Friday, November 13, 2015

The Struggles of Full-Term Classes

The beginning of each new term is a fresh start, and new classes have immense potential. Even if I’m not initially interested in a particular class, I might find out by the end of the term that I want to pursue that particular subject even further. At the same time, classes I’d thought would be interesting can be disappointing. The anticipation is often hard to deal with, especially in the week leading up to the beginning of the new term. I wait on pins and needles for my textbooks, and then I wait some more until the syllabus shows up on Blackboard. And then finally the new term is in session, and I start down the 16-week long path toward finishing my newest batch of classes.

My hopeful, optimistic attitude toward my new classes usually lasts for the first five weeks of the term. I like to call this period of time the “Honeymoon Phase.” During the Honeymoon Phase, my assignment completion behaviors are radically different from the rest of the term. I work ahead in my classes, tirelessly completing assignment after assignment, and imbibing homework with my own personal touch and an extra amount of effort. I call this period of time the Honeymoon Phase mostly because of the fact that nothing can destroy my optimism, not even a heavy assignment load or a teacher that lacks communication skills. I dismiss any problems with the teacher as unintentional miscommunication, and I welcome the idea of challenging, time-consuming assignments. But at five weeks, everything changes.

At week five, homework becomes less fun, and more work. I start spending extra amounts of time on things like brushing my teeth and making breakfast to avoid the inevitable fact that I will have to do my homework at some point. And when I do start on my assignments, my focus is on getting things done rather than making them the best I can. However, five weeks into my classes, the positive attitude that I had at the beginning of the term lingers in my consciousness. Between five and nine weeks, things aren’t so bad. I procrastinate, but not a lot, and despite the fact that I don’t really want to do my homework, I still find the class material relatively interesting. At this time, I wonder if I’ll be able to keep up a positive outlook on my classes until the end of the term, and end the term without any negative feelings whatsoever.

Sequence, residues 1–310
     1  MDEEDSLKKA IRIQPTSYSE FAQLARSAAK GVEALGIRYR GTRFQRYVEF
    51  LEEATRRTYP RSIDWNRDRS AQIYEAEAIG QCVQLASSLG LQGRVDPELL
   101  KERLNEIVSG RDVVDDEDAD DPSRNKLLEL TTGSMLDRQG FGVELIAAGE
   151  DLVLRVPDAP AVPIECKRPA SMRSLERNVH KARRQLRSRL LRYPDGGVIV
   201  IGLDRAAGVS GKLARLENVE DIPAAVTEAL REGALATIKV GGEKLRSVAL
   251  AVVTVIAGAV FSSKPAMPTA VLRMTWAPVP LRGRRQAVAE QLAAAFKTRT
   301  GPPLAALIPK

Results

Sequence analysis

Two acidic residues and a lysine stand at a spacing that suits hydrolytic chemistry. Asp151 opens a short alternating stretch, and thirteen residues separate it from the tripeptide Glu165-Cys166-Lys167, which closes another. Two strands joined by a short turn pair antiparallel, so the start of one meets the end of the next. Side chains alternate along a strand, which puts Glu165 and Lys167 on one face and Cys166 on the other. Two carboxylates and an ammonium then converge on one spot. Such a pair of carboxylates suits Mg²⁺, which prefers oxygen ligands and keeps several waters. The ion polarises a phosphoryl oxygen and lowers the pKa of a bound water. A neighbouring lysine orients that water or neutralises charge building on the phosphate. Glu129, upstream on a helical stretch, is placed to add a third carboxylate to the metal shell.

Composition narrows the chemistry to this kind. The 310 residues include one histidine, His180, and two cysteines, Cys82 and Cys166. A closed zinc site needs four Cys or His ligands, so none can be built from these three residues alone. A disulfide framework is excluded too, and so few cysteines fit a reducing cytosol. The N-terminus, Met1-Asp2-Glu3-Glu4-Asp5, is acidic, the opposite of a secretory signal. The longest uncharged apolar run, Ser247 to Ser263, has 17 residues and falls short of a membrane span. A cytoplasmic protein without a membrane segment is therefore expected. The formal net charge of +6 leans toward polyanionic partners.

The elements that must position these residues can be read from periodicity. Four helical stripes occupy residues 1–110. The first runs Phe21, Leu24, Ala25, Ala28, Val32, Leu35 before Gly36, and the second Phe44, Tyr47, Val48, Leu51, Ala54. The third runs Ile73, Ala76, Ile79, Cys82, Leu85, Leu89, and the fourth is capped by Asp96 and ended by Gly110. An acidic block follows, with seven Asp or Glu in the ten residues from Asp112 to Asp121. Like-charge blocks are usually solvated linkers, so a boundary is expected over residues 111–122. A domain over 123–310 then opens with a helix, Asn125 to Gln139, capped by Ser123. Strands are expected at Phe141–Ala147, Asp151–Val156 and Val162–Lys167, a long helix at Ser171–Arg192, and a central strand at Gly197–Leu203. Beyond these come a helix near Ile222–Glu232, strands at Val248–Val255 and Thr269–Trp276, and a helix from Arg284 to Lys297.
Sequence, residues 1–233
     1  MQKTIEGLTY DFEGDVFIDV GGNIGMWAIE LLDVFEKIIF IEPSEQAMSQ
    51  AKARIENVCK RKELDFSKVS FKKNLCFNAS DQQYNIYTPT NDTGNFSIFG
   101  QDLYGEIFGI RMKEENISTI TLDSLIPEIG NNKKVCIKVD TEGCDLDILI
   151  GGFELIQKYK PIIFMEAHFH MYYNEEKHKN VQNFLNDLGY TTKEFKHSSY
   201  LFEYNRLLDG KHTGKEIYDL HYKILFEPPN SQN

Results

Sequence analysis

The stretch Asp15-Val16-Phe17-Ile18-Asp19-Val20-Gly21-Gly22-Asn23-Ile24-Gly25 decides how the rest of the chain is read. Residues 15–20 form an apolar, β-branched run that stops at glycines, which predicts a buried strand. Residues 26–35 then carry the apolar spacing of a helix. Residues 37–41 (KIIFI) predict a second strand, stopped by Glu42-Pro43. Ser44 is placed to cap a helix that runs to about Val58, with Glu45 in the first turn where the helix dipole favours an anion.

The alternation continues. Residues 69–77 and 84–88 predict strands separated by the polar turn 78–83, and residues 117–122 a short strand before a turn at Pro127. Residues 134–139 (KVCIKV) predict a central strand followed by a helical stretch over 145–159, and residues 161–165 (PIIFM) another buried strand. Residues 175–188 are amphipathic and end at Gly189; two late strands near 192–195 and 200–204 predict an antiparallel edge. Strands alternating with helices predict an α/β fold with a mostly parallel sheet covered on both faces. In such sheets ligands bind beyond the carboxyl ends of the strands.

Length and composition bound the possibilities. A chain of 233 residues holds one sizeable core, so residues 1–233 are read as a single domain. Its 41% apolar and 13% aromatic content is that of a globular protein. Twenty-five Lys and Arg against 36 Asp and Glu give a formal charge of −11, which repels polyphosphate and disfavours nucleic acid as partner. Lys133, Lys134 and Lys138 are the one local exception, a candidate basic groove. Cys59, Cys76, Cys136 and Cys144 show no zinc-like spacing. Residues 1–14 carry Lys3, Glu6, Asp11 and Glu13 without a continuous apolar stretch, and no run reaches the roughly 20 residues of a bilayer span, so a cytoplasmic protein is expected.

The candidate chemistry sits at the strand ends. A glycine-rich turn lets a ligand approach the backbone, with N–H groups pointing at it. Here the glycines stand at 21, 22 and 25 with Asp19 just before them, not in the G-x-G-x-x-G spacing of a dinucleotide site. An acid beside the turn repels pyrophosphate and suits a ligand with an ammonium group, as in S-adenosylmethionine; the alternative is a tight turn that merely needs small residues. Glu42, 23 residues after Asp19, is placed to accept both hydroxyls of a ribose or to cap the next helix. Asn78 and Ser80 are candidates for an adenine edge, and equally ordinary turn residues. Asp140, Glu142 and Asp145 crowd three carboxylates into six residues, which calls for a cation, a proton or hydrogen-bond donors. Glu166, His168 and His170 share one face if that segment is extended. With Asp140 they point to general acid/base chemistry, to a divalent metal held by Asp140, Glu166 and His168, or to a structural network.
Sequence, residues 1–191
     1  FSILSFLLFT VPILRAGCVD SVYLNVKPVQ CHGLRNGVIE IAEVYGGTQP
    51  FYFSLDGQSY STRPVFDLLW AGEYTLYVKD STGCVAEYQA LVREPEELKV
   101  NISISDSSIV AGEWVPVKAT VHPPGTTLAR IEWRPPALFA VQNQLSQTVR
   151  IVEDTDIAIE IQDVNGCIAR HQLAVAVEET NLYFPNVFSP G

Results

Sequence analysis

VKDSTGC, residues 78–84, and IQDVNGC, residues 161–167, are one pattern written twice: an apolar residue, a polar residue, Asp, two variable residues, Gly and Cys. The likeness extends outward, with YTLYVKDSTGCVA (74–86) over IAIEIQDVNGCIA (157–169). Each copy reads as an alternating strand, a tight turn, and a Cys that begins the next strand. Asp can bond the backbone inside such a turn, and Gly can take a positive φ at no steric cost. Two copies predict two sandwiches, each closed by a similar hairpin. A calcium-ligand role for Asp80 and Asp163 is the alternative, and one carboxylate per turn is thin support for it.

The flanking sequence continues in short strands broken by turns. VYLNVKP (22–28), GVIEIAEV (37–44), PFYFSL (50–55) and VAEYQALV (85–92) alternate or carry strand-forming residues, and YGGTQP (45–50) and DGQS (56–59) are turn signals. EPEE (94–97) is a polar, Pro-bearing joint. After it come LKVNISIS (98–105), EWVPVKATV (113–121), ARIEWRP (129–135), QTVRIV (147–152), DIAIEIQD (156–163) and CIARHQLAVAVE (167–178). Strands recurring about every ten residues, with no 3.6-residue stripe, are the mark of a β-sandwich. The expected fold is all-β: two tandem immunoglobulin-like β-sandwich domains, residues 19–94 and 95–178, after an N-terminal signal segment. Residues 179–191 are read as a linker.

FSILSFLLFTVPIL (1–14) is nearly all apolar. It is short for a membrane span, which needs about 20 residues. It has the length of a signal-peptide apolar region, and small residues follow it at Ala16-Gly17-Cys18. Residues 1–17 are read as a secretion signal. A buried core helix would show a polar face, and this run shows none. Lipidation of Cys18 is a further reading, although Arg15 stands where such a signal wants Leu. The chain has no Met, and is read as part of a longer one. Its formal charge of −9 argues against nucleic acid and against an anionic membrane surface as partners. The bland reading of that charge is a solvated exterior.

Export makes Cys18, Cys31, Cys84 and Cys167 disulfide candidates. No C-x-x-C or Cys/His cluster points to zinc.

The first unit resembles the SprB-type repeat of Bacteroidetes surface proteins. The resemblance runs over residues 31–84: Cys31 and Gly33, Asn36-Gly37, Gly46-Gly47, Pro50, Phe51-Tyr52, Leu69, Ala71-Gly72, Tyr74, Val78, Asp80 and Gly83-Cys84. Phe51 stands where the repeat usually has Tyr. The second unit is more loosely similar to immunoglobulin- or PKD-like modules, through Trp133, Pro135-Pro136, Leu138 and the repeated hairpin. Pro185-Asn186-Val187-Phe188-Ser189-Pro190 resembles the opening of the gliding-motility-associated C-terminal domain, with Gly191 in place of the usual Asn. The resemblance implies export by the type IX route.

I haven’t had this experience yet.

By the middle of term, sometime around week nine, I’ve had enough. I wake up in the morning, and instead of looking forward to sitting down at my computer to do my homework, all I feel is dread. I still work to make sure my homework fulfills the criteria, but all in all, I’m really working to just “get it done.” Sometimes I have some fun doing certain assignments, and wish I could spend more time on them, but this doesn’t happen very often. I have to really like the class and the homework, or honestly, I just don’t care and I want the term to be over with. By the middle of the term, I’ve usually started counting down the days until the end of the term.

After the mid-point of the term passes, my perspective on the term doesn’t change much. I continue feeling dread toward doing my homework, I try to get things done as fast as possible without skipping over any important criteria, and I check my calendar daily to see how many days are left until the end of the term. And though I know at the beginning of the term that I will reach a point when I’m not interested in my classes anymore, I still start off being excited. I really enjoy the first five weeks of my classes, and have a lot of fun with my assignments. After five weeks though, I feel disenchanted, and usually would much rather explore the subject material without homework hanging over my head. Or I just feel disenchanted because I’m not interested in the class material, and never was.

Ultimately though, I look back on all the classes I’ve taken, and I’m glad that I took them, even if they were difficult to get through. After I get some distance from that term’s classes, I realize that I learned a lot more that I thought that I did, and that actually, I had fun. Instead of being annoyed by the heavy assignment load in one class, or the teacher that was hard to deal with, I feel proud of myself for finishing the class. I know that taking difficult classes that have frustrating “I-don’t-think-I-can-do-this” moments isn’t exactly a traditional definition of fun, but they are interesting, and definitely keep my attention occupied. So even when I become uninterested, and I don’t wanna do my homework anymore, I try to remember that at some point I’ll look back and be amazed at what I learned. So when the going gets rough, I’ve just got to keep going, because it will pay off in the end.

Lydian Shipp

Webzine Team Member

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